Last edited by thebellmont; 09-06-18 at 10:38 AM.
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Old 09-06-18, 10:46 AM
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I would almost consider an external battery and a "Quick Charge 3.0" wall plug. I have an exeternal battery that charges itself with quick charge 3.0 and charges devices with quick charge 3.0. I could top the battery off in 20 mins most days. I never had to worry about power. While biking the pacific coast I only used my solar panel twice, that might be different in the south.
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Old 09-06-18, 02:24 PM
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Originally Posted by thebellmont View Post
I would almost consider an external battery and a "Quick Charge 3.0" wall plug. I have an exeternal battery that charges itself with quick charge 3.0 and charges devices with quick charge 3.0. I could top the battery off in 20 mins most days. I never had to worry about power. While biking the pacific coast I only used my solar panel twice, that might be different in the south.
I've never had one, but am now considering getting one (an external battery). My worry is that I will not be allowed to fly with it, since it is a LiPo battery. Please correct me if this is silly. I can see if I'm not allowed to take it on board, but will it be okay in my checked bags?
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Old 09-06-18, 02:48 PM
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I'd recommend staying at the Ocean Beach Hostel--that's very convenient to the start point: https://www.hiusa.org/hostels/califo...ego/point-loma

If you really really want an inexpensive legal campsite, you could take the Coaster commuter train up to Solano Beach, ride a couple miles north to the $10 hike and bike sites at San Elijo State Beach, then start the trip from there the next morning. You can head inland to the I15 corridor, take that south to just south of Hwy 52, then follow that to Santee to rejoin the ACA route at Mast Blvd.. There is also a city campground directly on the ACA route about 15 miles east of the starting point, but it's only open for camping Friday and Saturday night, though a resourceful cyclist could find a place to stealth camp in the nearby brush--it's too far from services and public transportation for you to encounter homeless issues. But my druthers would be the hostel or San Elijo: https://mtrp.org/campground/

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Old 09-06-18, 09:23 PM
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This will be my first tour and I really do not have a strict budget in regards to the gear I take. I was more focused on the amount of room taken and weight.

I was planning on carrying all my gear in my panniers so I may have to consider compression sacks. I will also look into a down quilt and see what is out there.

I currently have an REI membership and have a store 25 miles from me. I will visiting the store several more times before leaving for SD, I will also be visiting the REI in SD when I get there.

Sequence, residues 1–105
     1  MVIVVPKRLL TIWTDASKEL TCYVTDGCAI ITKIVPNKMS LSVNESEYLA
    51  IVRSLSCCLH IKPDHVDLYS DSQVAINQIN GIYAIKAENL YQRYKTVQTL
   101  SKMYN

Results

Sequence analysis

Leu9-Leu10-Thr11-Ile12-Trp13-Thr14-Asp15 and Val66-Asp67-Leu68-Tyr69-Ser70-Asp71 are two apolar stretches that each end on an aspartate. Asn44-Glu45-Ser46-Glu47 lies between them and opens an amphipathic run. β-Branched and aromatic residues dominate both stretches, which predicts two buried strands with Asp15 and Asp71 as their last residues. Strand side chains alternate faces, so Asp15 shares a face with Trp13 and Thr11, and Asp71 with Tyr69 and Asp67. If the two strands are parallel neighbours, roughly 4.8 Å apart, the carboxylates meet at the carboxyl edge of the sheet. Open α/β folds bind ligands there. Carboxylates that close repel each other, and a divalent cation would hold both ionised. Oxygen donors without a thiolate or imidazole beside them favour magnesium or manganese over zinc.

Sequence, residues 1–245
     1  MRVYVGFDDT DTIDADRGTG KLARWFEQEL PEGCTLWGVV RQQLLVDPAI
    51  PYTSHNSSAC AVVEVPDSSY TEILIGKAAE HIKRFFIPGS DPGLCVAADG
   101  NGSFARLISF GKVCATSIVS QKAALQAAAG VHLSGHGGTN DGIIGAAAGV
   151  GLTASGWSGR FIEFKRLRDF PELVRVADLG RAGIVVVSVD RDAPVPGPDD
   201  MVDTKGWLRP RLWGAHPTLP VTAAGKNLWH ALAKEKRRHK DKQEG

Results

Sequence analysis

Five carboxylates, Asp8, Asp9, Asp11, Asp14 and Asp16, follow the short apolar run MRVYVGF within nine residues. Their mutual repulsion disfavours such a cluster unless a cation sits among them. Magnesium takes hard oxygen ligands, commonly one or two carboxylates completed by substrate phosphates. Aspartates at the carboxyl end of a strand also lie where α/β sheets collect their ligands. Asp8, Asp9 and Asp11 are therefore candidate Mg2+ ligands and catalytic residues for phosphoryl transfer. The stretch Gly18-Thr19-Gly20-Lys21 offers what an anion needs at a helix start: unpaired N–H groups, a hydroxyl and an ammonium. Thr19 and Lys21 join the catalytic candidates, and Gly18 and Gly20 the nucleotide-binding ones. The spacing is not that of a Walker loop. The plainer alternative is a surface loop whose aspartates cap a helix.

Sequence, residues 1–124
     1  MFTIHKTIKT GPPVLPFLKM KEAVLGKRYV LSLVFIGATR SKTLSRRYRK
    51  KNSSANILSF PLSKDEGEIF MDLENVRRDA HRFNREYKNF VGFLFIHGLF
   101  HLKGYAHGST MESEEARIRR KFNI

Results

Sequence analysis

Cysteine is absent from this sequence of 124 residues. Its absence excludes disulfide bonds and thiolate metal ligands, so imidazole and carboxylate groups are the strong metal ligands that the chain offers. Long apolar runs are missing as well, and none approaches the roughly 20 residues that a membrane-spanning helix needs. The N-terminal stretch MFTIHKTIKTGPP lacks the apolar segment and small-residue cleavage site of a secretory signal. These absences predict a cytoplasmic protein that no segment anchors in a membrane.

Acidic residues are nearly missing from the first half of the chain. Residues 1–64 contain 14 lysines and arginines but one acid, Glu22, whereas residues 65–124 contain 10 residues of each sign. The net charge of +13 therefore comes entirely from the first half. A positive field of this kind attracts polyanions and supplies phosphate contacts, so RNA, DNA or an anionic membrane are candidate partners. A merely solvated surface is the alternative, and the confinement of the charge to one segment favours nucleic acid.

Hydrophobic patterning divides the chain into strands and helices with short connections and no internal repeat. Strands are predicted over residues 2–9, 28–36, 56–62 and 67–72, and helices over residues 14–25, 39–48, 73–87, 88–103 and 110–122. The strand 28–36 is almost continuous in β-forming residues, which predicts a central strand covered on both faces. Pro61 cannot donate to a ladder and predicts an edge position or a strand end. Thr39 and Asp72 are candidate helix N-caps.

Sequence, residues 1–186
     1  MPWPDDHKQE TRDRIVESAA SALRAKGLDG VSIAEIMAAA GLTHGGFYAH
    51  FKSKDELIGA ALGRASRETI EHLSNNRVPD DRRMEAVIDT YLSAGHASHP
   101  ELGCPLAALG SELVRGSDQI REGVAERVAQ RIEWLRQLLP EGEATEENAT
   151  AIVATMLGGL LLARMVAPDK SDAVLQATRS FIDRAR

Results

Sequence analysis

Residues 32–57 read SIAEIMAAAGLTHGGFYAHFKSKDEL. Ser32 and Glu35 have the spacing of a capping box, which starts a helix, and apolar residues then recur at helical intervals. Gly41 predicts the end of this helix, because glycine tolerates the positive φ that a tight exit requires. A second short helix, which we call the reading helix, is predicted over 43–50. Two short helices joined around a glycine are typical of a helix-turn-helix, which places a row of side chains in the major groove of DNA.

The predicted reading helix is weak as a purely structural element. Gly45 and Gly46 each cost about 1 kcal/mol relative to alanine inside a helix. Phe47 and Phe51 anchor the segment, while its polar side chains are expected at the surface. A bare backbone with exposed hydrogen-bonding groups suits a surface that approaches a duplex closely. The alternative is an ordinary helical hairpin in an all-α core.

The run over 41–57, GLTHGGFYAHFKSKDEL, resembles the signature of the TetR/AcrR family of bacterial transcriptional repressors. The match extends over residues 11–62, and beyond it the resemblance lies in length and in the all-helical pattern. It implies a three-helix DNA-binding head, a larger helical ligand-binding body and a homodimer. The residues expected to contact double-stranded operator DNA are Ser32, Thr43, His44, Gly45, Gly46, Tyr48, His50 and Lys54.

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Old 09-06-18, 09:40 PM
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Originally Posted by SpaceHorse View Post
This will be my first tour
Have you ever done any camping before in a tent, etc.?
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Old 09-06-18, 11:10 PM
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I see many Southern Tier riders in the coolers months on US Highway 90 the highway has a wide shoulder all the way from Van Horn to Hondo. Van Horn to Del Rio towns few a far between but close enough to resupply. I’m sure you guys know all this stuff already. Del Rio to San Antonio the traffic will pick up the closer you get to SA. I’ve semi toured, Katy Trail MO, GAP/C@O but never cross The whole country.
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Old 09-07-18, 06:38 AM
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I have done extensive hiking and camping in all seasons.
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Old 09-07-18, 06:46 AM
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I have researched my route and feel comfortable with what I should encounter traffic wise. I have been bike commuting Kansas City for the last 25 years in all weather conditions and road conditions, I have logged over 3000 miles on the AWOL and have it dialed into my riding style, so I feel comfortable in knowing how the bike reacts to whatever I throw at it.
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Old 09-07-18, 06:58 AM
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I am curious as to what route you will take across LA, MS and AL. I will also offer that if you end up in the NOLA area and need anything, shoot me a message.
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Old 09-07-18, 06:30 PM
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Originally Posted by SpaceHorse View Post
I have done extensive hiking and camping in all seasons.
Good deal. I was a backpacker and later got into bicycles. It was an easy transition, just roll instead of step.

My only advice is to try your system out by doing some weekend trips just to make sure everything works well. A couple of heavy items I carry: U-Lock and a cable lock. Ya, I know anyone can defeat these and they are a pain to deploy but they make me feel better. I would also replace the bivy with a two person tent. I use a Tarptent. Small spaces not for me! If your not carrying a sleeping bag, try it out on some cooler nights to make sure you don't need it. Cold is not fun.

When away from the bike, always have your wallet, keys, phone, etc. with you.

Enjoy!

Jon